Janae: What do you wish men understood about being a woman in tech?

Lauren: “That the same way racism is still rampant in the US, the same goes for sexism. Even when there’s not overt instances or actions that are clearly offensive, there are small, every day micro instances of things that are said under the breath or actions that are hard to prove clear wrongdoing that still add up and take a toll over a period of time.”

Janae: What do you love about working with Amelia?

Lauren:  “I think Amelia can potentially have such a positive impact on the workforce and ultimately world. After all, to date, she’s the most sophisticated AI in history. Throughout history we’ve changed our jobs to leverage technology. AI is going to do that too. I heard a lot of the execs presenting at the conference talking about how they are changing the structure of their teams in order to have Amelia take on a lot of the high volume repetitive queries and let their staff evolve to take on more exception cases that help them have more interesting conversations with customers. I think most of us would prefer to spend our time on tasks we find challenging and rewarding and less on repetitive chores. That idea of freeing up our day to spend more time doing things we love really appeals to me.”

Overcoming general fatigue from interactions that question credibility based on gender can be hard to grasp. Repetitive music and actions that themselves are harmless have been weaponized into torture. Constant references about appearance can be difficult. Talking to Lauren about women in technology was positive. For women, the sum is greater than it’s parts. The result for providers can be burnout or a lack of empathy for patient requests.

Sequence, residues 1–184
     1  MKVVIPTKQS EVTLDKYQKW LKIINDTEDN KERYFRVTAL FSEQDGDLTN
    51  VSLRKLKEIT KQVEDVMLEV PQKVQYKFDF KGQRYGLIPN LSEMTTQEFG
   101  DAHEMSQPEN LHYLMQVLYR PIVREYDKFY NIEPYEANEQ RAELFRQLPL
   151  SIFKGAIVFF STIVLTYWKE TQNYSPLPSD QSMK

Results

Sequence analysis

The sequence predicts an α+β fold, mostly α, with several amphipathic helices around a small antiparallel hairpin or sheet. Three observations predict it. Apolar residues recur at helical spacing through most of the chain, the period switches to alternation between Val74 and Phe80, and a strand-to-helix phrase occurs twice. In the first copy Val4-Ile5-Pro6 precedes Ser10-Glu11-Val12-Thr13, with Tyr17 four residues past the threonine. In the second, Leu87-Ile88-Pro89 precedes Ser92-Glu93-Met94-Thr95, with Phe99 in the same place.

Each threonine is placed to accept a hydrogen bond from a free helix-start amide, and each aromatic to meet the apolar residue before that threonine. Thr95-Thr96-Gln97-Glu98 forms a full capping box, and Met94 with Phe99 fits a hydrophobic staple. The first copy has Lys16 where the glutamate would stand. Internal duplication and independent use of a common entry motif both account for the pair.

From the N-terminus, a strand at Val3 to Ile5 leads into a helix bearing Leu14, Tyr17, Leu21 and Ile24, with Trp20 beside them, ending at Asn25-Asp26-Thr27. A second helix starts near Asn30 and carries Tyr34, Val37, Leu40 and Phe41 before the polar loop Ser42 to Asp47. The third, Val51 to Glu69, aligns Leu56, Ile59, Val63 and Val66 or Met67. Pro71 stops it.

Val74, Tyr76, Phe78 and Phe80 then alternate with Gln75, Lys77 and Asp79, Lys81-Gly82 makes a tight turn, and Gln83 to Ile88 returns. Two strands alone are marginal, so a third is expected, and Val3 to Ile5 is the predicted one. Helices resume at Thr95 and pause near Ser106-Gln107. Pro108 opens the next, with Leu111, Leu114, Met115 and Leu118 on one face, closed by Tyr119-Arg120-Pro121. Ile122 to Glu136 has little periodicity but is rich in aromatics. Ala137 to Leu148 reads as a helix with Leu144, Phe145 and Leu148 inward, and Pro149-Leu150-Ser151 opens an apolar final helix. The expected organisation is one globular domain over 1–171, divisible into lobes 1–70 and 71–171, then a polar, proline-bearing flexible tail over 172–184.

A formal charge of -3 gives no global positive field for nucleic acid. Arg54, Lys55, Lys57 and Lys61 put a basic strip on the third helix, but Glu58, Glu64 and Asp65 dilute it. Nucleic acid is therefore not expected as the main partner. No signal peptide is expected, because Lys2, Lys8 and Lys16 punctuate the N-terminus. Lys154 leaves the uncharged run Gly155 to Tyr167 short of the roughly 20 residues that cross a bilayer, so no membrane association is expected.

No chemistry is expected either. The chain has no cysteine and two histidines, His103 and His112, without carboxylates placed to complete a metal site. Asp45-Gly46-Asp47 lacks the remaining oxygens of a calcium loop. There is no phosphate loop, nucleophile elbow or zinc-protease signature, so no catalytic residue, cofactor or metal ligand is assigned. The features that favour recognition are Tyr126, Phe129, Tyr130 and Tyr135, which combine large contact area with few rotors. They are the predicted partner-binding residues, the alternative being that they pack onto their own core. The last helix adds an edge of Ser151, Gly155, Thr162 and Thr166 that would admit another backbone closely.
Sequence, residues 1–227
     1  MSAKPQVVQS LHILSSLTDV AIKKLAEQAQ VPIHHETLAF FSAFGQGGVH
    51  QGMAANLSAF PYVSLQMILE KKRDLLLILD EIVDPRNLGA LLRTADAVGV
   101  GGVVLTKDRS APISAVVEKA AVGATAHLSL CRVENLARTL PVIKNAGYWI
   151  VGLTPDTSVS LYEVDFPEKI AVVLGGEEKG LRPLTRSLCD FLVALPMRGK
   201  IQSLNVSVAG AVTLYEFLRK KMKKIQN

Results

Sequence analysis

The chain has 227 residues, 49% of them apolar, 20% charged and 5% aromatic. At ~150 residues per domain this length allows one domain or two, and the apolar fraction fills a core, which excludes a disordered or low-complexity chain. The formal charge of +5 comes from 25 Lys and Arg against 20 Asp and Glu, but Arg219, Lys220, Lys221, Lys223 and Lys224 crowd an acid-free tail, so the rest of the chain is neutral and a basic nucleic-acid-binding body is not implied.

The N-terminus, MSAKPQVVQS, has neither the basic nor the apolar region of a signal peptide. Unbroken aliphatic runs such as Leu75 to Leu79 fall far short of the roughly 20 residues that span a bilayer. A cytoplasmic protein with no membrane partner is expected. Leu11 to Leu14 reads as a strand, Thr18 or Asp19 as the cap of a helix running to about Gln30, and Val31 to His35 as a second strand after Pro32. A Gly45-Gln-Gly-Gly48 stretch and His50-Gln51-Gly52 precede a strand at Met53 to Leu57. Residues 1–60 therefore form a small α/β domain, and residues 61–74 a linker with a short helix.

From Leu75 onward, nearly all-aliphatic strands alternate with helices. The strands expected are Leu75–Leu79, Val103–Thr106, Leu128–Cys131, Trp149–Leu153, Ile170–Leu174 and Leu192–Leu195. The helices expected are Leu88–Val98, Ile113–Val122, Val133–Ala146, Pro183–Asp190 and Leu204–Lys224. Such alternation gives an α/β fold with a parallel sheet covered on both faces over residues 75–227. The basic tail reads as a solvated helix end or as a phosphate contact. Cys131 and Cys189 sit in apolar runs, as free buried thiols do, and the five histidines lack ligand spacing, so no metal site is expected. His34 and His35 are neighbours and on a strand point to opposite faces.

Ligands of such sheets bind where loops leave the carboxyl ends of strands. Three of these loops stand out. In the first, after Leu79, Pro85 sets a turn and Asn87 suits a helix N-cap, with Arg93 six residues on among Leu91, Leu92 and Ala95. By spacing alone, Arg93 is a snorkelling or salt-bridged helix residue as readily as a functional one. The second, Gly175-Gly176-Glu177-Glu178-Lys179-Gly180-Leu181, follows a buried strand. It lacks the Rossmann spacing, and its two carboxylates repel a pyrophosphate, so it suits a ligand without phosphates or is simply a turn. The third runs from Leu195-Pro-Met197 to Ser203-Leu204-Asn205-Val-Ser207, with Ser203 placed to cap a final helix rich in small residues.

Artificial intelligence will restructure workforce roles and take some of the stress of repetitive tasks and recording. Building positive interactions while filtering through repetitive actions that lead to burnout can provide better support. Physician time can be used for helping and connecting on a personal level. I was grateful for the time I had discussing women in technology and the future. Establishing boundaries in workforce interactions can be like structuring the bounds of a healthcare customer service system. Creating purposeful positive interactions improves the system. Be fiercely positive to other women in technology.